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Hot tempers and poor officiating highlight Bengals’ loss to Patriots

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Obvious frustrations from the Bengals boiled over in their 35-17 loss, both because of their poor start to the season and questionable calls on the field.

Cincinnati Bengals v New England Patriots Photo by Billie Weiss/Getty Images

As a football team, it’s hard playing two different opponents at the same time.

Aside from taking on the New England Patriots at Foxboro on Sunday, Marvin Lewis’ Bengals also battled the referees once again. One could make the argument that the calls made against Cincinnati are a residual effect of what transpired against the Steelers last January or simply bad luck, but the margin for error with the Bengals is apparently paper-thin in 2016.

Complaints were made in previous weeks with the guys in zebra stripes, and as losses mount, questionable calls continue to frustrate the team and the fan base. Let’s not forget that the Bengals simply didn’t make enough plays to beat the Patriots this week, but the staggering amount of ticky-tack penalties accrued on behalf of the Bengals—particularly on third down—told a major part of the story in Week 6.

This game could be coined as one where the Bengals couldn’t capitalize on opportunities, like being stifled on a critical fourth-and-goal from the one-yard line, as well as one where they couldn’t stop the Patriots’ tight ends. However, as the chippy nature of both teams surfaced in the fourth quarter, a blatant disadvantage was becoming more and more obvious.

Nobody likes to pin a loss on officiating, and a lethal combination of a difficult start to the schedule and missed opportunities at clutch moments have helped lead to a 2-4 record for Cincinnati. However, if you’ve watched the Bengals’ first six games closely, it’s nearly impossible to note the negative impact of the officiating.

Dre Kirkpatrick’s Illegal Contact in the second quarter:

After the Bengals took a 7-3 lead, Tom Brady and his offense took the field. Thanks to a Vontaze Burfict sack, New England ended up facing a 3rd-and-18. Brady sailed an incompletion to Chris Hogan down the right sideline, who was covered by Kirkpatrick.

There was jostling between Hogan and Kirkpatrick, which some could consider as nothing out of the ordinary, but the Bengals’ defensive back was flagged for illegal contact. Sure, it could or could not have been called, but the home team took advantage and went up 10-7 right before the half.

Andy Dalton gets horse-collared on the safety:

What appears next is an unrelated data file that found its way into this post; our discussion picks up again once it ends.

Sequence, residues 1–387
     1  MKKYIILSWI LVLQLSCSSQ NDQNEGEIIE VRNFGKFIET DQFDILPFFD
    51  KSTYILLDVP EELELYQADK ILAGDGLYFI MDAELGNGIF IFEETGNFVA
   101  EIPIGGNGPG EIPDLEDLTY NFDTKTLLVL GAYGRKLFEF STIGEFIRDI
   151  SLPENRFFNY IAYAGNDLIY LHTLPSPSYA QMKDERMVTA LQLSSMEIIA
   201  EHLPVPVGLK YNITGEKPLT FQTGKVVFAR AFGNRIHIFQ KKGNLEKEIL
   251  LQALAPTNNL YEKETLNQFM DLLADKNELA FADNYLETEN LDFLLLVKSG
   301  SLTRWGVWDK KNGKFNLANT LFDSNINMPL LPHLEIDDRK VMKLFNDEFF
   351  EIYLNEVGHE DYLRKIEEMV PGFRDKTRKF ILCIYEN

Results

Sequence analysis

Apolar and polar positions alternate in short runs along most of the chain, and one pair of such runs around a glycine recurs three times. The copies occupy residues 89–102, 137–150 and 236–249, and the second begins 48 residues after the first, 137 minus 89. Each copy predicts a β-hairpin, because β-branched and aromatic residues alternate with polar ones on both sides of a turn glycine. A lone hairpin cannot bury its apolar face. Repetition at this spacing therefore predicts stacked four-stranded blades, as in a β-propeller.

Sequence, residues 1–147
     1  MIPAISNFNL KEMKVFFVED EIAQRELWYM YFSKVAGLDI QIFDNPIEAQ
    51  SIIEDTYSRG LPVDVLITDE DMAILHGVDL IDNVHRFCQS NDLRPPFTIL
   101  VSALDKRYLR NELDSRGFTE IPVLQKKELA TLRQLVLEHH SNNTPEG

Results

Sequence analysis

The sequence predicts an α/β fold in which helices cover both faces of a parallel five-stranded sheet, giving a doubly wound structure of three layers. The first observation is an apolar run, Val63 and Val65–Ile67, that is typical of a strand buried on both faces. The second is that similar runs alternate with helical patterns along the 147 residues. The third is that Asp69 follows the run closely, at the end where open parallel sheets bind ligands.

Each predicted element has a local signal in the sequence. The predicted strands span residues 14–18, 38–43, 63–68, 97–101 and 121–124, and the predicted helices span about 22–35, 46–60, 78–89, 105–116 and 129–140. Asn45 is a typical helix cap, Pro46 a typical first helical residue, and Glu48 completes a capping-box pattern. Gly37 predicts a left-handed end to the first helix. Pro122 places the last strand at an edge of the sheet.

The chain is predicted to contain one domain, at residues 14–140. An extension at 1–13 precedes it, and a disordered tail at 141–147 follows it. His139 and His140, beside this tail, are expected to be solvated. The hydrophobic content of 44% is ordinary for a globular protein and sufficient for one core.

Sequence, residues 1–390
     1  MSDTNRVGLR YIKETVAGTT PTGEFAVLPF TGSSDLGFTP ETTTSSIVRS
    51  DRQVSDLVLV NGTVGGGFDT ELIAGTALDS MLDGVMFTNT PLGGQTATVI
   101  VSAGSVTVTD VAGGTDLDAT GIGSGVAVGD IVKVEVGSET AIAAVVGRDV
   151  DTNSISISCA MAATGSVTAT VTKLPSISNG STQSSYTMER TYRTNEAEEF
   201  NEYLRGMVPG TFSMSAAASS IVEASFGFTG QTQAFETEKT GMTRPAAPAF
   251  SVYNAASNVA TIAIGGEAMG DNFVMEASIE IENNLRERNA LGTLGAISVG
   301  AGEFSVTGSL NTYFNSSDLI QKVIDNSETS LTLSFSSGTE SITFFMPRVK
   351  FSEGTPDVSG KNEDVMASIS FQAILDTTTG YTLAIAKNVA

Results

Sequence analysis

When things began to unravel, the Bengals and Dalton let up an inexplicable safety. On the tackle by linebacker Dont’a Hightower, who had an excellent game by his own right, he grabbed the Cincinnati quarterback’s collar when bringing him down for two points.

Now, technically, a rule states that a quarterback can be subject to tackles like the one Hightower made when scrambling out of the pocket, but it seems like a contradictory issue. Not only is the league taking a stance on protecting its players, but they are uber-cautionary with the quarterbacks.

It was technically a legal tackle, but as most watched it, they wondered why it wasn't called upon replay; it could have gone either way.

A.J. Green held on screen pass:

One of the rules that undoubtedly frustrates offensive players is the amount of contact that is allowed within five yards. For all of the good things A.J. Green does for the Bengals, defensive backs attempt to get in his grill at the line of scrimmage.

In the third quarter, Dalton attempted a safe screen pass to Green, who was in tight coverage. Cornerback Logan Ryan read the play well, but he appeared to hold Green as he was trying to make the catch. The only explanation for a no-call is the “inside the five-yard rule”, though Cincy Jungle contributor Cody Tewmey did research and refuted that notion. Have a look for yourself.

Cedric Ogbuehi’s past and current issues haunting him:

A major reason the Patriots have the opportunity to get a safety was because of a holding penalty called on the Bengals’ starting right tackle. Obviously, the first-year starting tackle has had major issues throughout the year, so we’re at the point where we’re looking for egregious errors on his part, as were the coaches.